EU-Ukraine: Time for a Real Strategy

So far 2012 has been quite a tough year for EU-Ukraine relations. The entire relationship became politicized as a consequence of the imprisonment of former Prime Minister, Yulia Tymoshenko and her former Minister of Interior, Yuri Lutsenko, which is viewed as politically motivated, with Ukraine’s leadership also being accused of eroding democracy in the country. In fact, there is hardly a single area these days where the EU and Ukraine cooperate which is not becoming affected by this politicization one way or another even if it is counter-productive to the EU’s own interests or those of the region. An example of this is Ukraine being politically sidelined in the negotiations for a settlement of the Transnistria conflict, an area where Ukraine has always played an important and traditionally constructive role.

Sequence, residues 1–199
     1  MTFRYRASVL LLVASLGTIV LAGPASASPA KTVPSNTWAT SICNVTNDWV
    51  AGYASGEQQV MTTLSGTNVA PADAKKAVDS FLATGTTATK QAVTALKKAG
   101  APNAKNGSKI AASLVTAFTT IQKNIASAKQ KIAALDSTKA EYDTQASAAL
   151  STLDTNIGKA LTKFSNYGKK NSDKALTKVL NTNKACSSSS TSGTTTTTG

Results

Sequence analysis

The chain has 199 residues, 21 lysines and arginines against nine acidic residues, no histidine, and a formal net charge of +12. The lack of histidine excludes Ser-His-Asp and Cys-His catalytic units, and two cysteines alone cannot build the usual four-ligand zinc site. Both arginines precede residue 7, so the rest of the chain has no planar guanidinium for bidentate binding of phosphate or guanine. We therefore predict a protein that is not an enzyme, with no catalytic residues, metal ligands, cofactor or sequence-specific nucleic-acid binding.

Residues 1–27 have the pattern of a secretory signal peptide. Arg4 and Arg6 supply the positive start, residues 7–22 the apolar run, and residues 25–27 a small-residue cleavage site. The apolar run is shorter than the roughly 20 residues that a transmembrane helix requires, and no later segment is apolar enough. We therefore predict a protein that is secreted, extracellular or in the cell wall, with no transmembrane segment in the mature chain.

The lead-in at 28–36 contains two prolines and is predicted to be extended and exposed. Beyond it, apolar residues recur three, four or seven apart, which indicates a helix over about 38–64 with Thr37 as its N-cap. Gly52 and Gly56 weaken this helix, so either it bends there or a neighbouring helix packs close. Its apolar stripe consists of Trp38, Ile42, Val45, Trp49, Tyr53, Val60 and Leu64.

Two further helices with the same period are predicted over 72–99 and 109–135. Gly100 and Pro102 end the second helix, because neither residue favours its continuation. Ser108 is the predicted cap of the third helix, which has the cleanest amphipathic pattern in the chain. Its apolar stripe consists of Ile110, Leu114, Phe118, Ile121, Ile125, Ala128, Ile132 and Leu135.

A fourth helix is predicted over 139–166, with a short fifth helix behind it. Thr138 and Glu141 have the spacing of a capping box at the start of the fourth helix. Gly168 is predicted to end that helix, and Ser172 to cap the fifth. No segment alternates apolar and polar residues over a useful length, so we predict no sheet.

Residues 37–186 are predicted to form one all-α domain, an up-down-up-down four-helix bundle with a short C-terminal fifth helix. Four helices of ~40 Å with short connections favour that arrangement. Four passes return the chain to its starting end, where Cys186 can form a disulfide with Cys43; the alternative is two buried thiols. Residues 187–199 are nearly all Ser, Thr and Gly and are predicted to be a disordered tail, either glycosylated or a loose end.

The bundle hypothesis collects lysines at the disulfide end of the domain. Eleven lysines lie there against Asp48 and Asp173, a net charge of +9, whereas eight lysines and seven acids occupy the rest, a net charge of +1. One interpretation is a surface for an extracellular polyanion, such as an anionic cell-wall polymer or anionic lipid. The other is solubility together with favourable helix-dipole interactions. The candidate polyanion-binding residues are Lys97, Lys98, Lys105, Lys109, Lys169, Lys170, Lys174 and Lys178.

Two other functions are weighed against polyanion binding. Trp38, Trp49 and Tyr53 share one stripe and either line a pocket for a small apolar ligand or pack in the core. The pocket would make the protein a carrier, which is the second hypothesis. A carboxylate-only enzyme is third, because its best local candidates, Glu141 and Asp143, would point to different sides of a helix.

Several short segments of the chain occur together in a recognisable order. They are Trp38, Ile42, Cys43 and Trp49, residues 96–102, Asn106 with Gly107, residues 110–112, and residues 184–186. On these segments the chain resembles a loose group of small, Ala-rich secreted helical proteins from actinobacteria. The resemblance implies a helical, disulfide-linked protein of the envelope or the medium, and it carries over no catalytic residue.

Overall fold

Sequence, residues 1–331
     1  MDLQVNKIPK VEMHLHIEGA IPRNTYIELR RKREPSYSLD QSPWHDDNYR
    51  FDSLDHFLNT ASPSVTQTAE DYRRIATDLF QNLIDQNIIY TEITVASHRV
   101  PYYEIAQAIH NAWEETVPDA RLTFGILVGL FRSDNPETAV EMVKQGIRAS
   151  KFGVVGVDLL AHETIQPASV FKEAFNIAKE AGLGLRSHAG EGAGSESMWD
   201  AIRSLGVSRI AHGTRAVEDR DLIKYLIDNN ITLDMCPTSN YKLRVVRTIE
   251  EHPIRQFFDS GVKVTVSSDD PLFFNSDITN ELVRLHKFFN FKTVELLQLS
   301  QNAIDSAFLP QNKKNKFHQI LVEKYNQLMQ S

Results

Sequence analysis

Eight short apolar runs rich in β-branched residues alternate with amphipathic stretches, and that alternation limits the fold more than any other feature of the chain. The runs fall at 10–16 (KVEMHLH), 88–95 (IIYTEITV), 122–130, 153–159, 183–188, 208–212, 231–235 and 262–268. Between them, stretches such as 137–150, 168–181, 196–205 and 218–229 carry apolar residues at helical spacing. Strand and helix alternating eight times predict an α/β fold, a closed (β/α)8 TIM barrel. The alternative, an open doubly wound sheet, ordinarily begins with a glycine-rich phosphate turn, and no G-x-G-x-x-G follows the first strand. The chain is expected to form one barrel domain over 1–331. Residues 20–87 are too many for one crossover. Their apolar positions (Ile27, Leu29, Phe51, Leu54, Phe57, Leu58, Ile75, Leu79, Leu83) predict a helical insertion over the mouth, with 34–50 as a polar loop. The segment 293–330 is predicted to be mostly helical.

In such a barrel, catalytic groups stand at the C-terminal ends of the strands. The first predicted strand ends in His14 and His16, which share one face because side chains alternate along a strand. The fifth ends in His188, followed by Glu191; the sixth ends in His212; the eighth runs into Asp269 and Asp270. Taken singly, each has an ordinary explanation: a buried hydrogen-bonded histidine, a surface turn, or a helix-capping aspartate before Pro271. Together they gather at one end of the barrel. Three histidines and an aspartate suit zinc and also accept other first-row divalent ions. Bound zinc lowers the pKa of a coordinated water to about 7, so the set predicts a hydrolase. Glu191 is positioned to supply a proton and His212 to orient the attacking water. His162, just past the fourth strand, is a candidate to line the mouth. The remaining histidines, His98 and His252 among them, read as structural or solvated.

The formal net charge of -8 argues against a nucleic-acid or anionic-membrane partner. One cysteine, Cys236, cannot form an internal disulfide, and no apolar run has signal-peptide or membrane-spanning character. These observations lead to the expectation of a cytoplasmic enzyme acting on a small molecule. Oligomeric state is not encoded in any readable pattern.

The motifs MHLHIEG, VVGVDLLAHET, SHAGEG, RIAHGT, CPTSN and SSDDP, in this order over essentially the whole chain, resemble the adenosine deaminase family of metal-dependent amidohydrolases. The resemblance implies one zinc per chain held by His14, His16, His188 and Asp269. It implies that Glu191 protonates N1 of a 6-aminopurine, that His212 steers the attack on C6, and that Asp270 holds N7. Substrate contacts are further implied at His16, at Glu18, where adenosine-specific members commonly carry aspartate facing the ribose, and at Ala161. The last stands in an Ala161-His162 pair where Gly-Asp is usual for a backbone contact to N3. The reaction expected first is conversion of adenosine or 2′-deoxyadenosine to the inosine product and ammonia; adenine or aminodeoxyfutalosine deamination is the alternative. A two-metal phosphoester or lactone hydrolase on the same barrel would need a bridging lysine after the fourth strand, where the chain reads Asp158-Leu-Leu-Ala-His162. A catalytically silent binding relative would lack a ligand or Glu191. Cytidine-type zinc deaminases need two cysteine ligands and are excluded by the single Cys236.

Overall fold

EU leaders decided to put on hold the Association Agreement and Deep and Comprehensive Free Trade Agreement (DCFTA), which Ukraine and the EU spend almost five years negotiating and which was initialed earlier this year, until Ukraine improves democratic values. This approach has been labeled by its architects as “tough love”. There seems to be a belief that by leaving Ukraine to stew, it will increase the chance of a successful outcome, although this approach is certainly not shared by all member states which fear the consequences of increasingly pushing Ukraine away. I would say that by putting the association agreement on hold the EU missed an opportunity to bind Ukraine to the EU. Thereby this strategy could lead the EU into a dead-end, reducing its influence on Ukraine’s decision-makers and pulling the carpet from under Ukraine’s reformers. In fact the signature of the association agreement is in the strategic interest of the country and should be seen as a tool to help modernize and transform Ukraine. Ditto for the DCFTA which at first glance may look less attractive than Russia’s Custom’s Union which would immediately give Ukraine economic benefits including cutting the price of gas by almost 50%. However in the longer term the DCFTA will be more beneficial for Ukraine including making the country more competitive on the world market.